Only 10% of Nebraskans strongly agree that most young children in the state are prepared to be successful in school when they start Kindergarten. Just 8% of urban-area residents strongly agree with this statement, compared with 11% of residents from both large rural towns and small towns/ isolated rural areas.

Only 6% of Nebraskans strongly agree that most young children from low-income families in the state are prepared to be successful in school when they start Kindergarten; this is consistent for residents from all areas.

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BUFFETT INSTITUTE/GALLUP SURVEY ON EARLY CHILDHOOD CARE AND EDUCATION

of early care and education is a greater 2 Availability challenge in counties with a small town/isolated rural area, while cost is a greater challenge in counties with an urban core.

3

There is consensus among residents from all three categories of counties that center-based early childhood settings provide the best option when families are unable to care for their children during all or part of the day. More urban-area residents (52%) say this, followed by residents from counties with a large rural town (49%) and small town/isolated rural area (46%). Slightly more residents from small towns/isolated rural areas (21%) and large rural towns (17%) than residents from urban areas (12%) say home-based programs are a better option.

More residents from small towns/isolated rural areas (14%) than those from urban areas (9%) and large rural towns (9%) strongly agree that availability of early care and education programs is the biggest challenge families face in getting high-quality care for their young children.

Urban-area residents (44%) are significantly more likely than residents of small towns/isolated rural areas (23%) or large rural towns (28%) to report that cost is the biggest challenge families face in obtaining high-quality care.

There is agreement about the need for greater state investment in early care and education among residents of counties with various population sizes. •

Two-thirds of Nebraskans agree or strongly agree that the state should make early care and education a higher priority than it is today. Slightly more residents of counties with an urban core (67%) and a large rural town (67%) than those of counties with a small town/isolated rural area (65%) agree or strongly agree with this statement.

More urban-area residents (61%) than those from small towns/isolated rural areas (55%) and large rural towns (53%) say Nebraska is investing too little in early care and education programs.

Large majorities of Nebraskans in counties with a small town/isolated rural area (76%), large rural town (73%), and an urban core (77%) say funds for early care and education programs for children from low-income families should come from public or private sources rather than solely fees paid by those families.

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BUFFETT INSTITUTE/GALLUP SURVEY ON EARLY CHILDHOOD CARE AND EDUCATION

Nebraskans believe that their state is a great place to be a child, but they have concerns about their children’s future. THE VAST MAJORITY OF RESIDENTS (83%) believe that Nebraska is one of the best states in the U.S. in which to be a young child. More residents from counties with a small town/isolated rural area (88%) and large rural town (85%) than residents from counties with an urban core (79%) agree with this.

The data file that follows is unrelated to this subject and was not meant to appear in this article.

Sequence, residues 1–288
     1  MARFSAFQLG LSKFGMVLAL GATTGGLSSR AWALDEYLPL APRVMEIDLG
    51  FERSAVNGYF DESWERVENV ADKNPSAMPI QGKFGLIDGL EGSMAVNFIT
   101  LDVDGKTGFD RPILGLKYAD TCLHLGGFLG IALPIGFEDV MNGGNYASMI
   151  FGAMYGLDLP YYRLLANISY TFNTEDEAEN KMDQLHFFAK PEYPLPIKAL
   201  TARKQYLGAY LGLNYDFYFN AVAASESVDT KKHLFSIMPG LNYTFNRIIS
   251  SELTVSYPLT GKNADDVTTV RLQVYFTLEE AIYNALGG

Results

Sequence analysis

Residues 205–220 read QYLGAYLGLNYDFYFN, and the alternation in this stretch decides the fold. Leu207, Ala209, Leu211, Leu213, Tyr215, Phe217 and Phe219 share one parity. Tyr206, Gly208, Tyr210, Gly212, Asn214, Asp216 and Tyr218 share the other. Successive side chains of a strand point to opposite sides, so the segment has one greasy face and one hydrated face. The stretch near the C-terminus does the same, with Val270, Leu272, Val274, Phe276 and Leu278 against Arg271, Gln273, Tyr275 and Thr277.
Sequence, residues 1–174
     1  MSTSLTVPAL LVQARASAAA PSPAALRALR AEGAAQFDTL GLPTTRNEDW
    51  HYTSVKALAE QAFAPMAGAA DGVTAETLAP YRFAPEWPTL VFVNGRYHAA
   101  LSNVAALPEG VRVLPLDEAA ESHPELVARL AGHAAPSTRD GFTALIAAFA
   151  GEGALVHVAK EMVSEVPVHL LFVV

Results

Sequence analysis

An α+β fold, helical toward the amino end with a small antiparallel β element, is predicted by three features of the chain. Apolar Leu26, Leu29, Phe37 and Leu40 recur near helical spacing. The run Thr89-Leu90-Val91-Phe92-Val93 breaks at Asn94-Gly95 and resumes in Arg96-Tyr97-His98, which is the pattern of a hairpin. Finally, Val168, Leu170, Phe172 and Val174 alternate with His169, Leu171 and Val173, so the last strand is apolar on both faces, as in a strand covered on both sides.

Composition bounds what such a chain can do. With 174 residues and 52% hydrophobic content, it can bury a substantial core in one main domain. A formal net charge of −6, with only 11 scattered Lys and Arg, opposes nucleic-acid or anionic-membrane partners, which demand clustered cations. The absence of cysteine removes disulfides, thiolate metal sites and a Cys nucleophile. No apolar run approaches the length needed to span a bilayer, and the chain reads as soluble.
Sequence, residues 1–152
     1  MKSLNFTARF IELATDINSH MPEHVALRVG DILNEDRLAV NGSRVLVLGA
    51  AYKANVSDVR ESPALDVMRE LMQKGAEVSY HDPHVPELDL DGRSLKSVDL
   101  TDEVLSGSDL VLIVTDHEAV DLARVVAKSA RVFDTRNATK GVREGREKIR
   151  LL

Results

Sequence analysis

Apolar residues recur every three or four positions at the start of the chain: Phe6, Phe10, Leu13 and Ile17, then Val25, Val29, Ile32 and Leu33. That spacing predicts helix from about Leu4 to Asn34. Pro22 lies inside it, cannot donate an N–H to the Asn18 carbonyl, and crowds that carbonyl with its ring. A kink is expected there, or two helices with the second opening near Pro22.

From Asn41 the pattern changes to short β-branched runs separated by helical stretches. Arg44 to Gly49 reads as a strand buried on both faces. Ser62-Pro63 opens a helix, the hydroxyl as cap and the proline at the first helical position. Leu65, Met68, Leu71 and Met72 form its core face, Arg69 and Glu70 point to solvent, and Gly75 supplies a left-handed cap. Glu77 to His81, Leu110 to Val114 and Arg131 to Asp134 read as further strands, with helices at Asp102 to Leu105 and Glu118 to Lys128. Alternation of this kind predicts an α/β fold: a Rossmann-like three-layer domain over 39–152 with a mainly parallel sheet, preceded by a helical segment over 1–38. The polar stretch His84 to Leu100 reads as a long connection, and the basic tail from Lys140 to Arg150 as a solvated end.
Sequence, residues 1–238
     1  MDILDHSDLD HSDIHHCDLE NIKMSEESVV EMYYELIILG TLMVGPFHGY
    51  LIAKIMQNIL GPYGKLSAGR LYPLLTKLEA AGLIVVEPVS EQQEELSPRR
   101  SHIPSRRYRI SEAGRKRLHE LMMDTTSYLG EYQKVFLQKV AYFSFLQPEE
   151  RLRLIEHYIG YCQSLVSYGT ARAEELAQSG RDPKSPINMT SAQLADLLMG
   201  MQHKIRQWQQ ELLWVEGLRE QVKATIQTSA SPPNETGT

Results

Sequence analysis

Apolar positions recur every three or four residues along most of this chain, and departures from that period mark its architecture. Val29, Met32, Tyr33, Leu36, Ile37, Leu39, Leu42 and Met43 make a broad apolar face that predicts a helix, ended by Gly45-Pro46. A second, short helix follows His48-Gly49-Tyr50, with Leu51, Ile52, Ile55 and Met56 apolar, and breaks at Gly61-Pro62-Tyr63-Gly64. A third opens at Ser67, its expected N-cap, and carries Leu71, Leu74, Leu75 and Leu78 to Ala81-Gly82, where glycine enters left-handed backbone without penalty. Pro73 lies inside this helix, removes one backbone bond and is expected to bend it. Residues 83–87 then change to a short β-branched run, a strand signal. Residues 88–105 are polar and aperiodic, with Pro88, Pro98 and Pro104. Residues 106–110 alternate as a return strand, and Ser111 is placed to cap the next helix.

Based on what you have seen or heard, do you believe that Nebraska is one of the best states in the U.S. to be a young child? 83%

Overall

Small rural towns/ Isolated areas

88%

12%

85%

Large rural towns

15%

79%

Urban areas 0

Yes

17%

20

40

21% 60

No

4 Copyright Š 2017 Gallup, Inc. All rights reserved.

80

100


BUFFETT INSTITUTE/GALLUP SURVEY ON EARLY CHILDHOOD CARE AND EDUCATION

About two-thirds of Nebraskans (68%) say the lives of Nebraska children have gotten worse or stayed the same compared with 10 years ago. This percentage is highest among residents of small towns/isolated rural areas (72%) and lowest among urban residents (66%). More Nebraskans in counties with an urban core than in counties with a small town/isolated rural area say children’s lives have improved (34% vs. 29%, respectively). Residents in counties with a large rural town do not differ significantly from those in counties with a small town/isolated rural area or urban core in their assessment of children’s lives. Compared to 10 years ago, do you think that the lives of Nebraska’s children have: 35%

Overall Small rural towns/ Isolated areas

33%

37%

Large rural towns

34%

Urban areas

34% 0

Gotten worse

32%

35%

29%

34%

32%

32%

20

40

Stayed the same

34% 60

80

100

Gotten better

More urban-area residents (39%) than those from small towns/isolated rural areas (30%) and large rural towns (33%) are optimistic that the lives of Nebraska children will get better 10 years from now. Ten years from now, do you think that the lives of Nebraska’s children will: 32%

Overall

Small rural towns/ Isolated areas

35%

Large rural towns

35%

0

Stay the same

35%

34%

30%

32%

29%

Urban areas

Get worse

33%

33%

32% 20

40

39% 60

Get better

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80

100